Functional consequences of the scn5a-p.Y1977n mutation within the py ubiquitylation motif: Discrepancy between hek293 cells and transgenic mice

Simona Casini, Maxime Albesa, Zizun Wang, Vincent Portero, Daniela Ross-Kaschitza, Jean-S. bastien Rougier, Gerard A. Marchal, Wendy K. Chung, Connie R. Bezzina, Hugues Abriel, Carol Ann Remme

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Dysfunction of the cardiac sodium channel Nav1.5 (encoded by the SCN5A gene) is associated with arrhythmias and sudden cardiac death. SCN5A mutations associated with long QT syndrome type 3 (LQT3) lead to enhanced late sodium current and consequent action potential (AP) prolongation. Internalization and degradation of Nav1.5 is regulated by ubiquitylation, a post-translational mechanism that involves binding of the ubiquitin ligase Nedd4-2 to a proline-proline-serine-tyrosine sequence of Nav1.5, designated the PY-motif. We investigated the biophysical properties of the LQT3-associated SCN5A-p.Y1977N mutation located in the Nav1.5 PY-motif, both in HEK293 cells as well as in newly generated mice harboring the mouse homolog mutation Scn5a-p.Y1981N. We found that in HEK293 cells, the SCN5A-p.Y1977N mutation abolished the interaction between Nav1.5 and Nedd4-2, suppressed PY-motif-dependent ubiquitylation of Nav1.5, and consequently abrogated Nedd4-2 induced sodium current (INa) decrease. Nevertheless, homozygous mice harboring the Scn5a-p.Y1981N mutation showed no electrophysiological alterations nor changes in AP or (late) INa properties, questioning the in vivo relevance of the PY-motif. Our findings suggest the presence of compensatory mechanisms, with additional, as yet unknown, factors likely required to reduce the “ubiquitylation reserve” of Nav1.5. Future identification of such modulatory factors may identify potential triggers for arrhythmias and sudden cardiac death in the setting of LQT3 mutations.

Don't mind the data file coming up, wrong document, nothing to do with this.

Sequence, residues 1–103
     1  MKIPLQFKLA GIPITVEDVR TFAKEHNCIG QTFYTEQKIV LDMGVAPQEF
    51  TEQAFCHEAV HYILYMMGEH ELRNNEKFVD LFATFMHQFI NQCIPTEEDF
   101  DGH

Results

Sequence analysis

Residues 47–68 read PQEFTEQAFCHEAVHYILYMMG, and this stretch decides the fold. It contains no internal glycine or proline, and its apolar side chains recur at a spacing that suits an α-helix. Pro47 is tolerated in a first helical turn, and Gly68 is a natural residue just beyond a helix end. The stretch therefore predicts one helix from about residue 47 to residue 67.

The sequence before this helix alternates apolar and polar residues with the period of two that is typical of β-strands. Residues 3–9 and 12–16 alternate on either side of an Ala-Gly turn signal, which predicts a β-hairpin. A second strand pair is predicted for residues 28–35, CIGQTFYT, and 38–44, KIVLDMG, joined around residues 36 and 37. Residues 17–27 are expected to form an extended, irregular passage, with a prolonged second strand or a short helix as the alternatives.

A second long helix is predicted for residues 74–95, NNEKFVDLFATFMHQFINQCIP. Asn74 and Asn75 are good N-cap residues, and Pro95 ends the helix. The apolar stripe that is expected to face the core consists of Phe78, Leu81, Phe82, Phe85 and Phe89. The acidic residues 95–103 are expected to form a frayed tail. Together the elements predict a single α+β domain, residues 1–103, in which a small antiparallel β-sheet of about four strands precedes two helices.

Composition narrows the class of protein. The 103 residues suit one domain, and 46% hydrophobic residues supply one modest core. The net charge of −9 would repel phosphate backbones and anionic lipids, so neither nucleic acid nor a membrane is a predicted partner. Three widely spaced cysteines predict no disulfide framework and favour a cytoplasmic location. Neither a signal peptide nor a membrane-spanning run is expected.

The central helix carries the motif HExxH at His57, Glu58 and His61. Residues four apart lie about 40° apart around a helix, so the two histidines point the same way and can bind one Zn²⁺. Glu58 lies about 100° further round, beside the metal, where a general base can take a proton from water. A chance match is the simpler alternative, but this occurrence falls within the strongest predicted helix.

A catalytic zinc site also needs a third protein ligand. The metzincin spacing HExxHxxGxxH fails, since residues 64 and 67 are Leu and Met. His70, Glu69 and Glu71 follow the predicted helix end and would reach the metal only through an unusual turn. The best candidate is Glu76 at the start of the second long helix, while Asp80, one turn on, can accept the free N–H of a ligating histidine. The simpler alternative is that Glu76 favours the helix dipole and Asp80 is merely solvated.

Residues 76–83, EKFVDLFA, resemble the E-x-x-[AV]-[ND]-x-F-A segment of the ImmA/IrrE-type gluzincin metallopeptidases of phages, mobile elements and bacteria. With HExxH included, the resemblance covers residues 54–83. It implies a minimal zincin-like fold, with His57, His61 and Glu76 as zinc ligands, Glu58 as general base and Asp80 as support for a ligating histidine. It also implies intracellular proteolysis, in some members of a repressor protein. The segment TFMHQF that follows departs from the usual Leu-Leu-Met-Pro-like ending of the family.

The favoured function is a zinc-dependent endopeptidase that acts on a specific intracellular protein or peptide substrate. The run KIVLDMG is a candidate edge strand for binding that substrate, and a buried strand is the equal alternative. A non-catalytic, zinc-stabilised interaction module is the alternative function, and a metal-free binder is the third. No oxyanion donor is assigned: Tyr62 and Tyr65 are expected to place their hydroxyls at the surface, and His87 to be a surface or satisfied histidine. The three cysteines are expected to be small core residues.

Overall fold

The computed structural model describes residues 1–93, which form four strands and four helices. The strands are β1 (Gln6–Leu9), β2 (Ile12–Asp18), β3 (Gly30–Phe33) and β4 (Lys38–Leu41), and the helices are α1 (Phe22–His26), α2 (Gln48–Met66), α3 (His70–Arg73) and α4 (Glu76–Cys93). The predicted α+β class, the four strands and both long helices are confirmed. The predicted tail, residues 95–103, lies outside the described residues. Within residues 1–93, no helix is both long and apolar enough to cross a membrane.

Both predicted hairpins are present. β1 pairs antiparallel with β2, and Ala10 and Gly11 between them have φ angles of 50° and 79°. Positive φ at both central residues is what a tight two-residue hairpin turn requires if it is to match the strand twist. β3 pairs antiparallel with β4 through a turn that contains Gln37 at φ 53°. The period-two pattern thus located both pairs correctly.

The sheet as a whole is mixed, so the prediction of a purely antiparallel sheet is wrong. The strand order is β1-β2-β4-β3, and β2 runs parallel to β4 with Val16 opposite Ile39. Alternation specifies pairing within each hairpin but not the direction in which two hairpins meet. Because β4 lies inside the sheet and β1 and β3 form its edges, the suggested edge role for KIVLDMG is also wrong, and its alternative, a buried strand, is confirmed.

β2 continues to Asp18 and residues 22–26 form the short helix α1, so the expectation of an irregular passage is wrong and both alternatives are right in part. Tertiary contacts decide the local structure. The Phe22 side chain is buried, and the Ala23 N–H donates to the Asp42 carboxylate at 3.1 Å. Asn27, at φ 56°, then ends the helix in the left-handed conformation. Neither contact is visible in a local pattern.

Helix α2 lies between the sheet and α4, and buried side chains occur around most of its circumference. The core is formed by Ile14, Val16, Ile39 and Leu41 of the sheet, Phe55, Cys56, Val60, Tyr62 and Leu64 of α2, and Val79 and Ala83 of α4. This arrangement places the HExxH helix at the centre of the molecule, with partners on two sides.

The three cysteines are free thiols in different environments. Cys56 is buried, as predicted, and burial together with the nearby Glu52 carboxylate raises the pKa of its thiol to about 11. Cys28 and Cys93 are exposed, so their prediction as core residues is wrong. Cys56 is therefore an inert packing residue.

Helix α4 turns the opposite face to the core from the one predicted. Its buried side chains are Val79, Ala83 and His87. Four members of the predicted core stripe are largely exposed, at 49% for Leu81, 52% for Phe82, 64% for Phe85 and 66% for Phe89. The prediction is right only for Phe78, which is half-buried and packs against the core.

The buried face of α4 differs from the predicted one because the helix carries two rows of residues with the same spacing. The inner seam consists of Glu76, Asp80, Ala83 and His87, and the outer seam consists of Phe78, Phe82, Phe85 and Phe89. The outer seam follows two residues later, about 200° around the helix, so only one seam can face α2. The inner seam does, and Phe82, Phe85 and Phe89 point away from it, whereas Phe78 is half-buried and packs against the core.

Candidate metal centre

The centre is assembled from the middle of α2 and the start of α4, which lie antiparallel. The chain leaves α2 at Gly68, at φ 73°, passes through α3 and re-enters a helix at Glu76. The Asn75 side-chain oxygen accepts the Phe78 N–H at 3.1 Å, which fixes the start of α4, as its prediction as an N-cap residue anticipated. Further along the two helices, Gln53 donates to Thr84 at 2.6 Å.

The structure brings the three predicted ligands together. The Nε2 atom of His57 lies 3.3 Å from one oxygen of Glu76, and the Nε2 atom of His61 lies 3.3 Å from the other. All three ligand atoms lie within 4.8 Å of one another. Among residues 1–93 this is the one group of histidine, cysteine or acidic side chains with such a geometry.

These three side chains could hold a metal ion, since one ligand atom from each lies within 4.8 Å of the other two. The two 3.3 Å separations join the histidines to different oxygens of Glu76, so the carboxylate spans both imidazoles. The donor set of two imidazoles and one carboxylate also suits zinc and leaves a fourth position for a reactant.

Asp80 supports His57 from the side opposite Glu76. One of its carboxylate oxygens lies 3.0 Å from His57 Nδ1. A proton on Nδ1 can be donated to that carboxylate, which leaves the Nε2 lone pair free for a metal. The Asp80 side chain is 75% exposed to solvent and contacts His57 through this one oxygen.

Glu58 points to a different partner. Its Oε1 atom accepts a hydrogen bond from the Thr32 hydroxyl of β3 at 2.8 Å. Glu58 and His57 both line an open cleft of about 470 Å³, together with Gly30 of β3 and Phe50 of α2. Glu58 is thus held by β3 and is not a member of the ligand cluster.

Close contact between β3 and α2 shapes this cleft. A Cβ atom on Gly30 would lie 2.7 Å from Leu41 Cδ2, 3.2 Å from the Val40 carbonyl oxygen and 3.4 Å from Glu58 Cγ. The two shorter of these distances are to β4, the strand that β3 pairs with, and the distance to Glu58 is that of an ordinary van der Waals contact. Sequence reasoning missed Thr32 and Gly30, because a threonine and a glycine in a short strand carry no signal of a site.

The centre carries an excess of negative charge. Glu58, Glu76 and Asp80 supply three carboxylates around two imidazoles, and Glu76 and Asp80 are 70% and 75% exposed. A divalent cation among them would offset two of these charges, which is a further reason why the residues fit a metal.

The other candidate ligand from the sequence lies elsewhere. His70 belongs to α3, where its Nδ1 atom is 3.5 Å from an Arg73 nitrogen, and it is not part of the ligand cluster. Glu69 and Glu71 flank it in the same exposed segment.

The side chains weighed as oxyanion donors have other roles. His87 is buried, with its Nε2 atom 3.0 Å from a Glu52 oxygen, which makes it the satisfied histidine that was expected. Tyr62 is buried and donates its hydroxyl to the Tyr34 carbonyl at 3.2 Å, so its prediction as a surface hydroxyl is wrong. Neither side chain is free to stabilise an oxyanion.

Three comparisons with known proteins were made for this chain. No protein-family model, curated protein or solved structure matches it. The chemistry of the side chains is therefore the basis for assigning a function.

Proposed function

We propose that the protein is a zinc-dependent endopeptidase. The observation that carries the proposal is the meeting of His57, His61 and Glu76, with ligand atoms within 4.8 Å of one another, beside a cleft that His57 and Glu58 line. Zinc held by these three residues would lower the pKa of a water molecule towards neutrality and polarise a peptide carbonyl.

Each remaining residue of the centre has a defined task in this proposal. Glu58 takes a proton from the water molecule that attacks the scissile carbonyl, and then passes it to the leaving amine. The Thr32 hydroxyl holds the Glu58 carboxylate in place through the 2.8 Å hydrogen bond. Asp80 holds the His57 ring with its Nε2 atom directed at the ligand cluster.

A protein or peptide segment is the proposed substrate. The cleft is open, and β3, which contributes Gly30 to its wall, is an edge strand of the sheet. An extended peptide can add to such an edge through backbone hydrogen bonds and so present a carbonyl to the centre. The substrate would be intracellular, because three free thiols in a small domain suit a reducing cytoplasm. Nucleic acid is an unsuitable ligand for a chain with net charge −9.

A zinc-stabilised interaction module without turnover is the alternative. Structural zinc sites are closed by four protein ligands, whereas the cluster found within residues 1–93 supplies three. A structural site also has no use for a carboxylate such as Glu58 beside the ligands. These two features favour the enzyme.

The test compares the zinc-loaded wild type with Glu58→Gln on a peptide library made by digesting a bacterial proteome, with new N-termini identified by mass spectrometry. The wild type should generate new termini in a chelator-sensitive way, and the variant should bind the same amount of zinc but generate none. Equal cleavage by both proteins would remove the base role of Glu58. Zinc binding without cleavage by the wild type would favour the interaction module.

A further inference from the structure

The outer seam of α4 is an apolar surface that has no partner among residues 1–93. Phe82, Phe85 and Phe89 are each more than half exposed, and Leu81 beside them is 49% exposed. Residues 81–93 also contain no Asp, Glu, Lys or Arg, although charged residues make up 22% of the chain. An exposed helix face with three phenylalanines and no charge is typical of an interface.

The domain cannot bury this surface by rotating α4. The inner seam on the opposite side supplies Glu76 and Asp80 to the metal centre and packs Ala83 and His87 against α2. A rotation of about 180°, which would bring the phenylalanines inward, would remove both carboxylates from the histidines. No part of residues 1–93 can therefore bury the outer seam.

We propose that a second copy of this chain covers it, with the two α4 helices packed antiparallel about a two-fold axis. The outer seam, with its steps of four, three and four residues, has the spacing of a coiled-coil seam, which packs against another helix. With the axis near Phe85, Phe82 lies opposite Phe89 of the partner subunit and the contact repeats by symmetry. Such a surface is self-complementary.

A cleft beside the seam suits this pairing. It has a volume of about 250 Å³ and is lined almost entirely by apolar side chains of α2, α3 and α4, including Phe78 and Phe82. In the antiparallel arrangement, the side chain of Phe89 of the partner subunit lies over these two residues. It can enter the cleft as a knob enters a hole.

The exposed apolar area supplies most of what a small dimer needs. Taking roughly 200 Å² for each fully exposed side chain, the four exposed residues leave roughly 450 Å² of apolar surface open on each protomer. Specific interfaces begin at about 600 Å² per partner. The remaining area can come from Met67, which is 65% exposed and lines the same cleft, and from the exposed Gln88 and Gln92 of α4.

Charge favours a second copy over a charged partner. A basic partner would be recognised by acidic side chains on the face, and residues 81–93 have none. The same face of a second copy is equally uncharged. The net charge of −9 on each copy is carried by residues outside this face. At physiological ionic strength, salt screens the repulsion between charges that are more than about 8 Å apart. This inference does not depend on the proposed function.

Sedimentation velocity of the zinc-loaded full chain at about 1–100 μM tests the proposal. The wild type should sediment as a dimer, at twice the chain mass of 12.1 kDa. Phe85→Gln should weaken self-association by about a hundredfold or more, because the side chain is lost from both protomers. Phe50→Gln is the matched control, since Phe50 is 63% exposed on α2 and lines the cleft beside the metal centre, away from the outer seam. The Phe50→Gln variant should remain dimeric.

Original languageEnglish
Article number5033
JournalInternational journal of molecular sciences
Issue number20
Publication statusPublished - 2019

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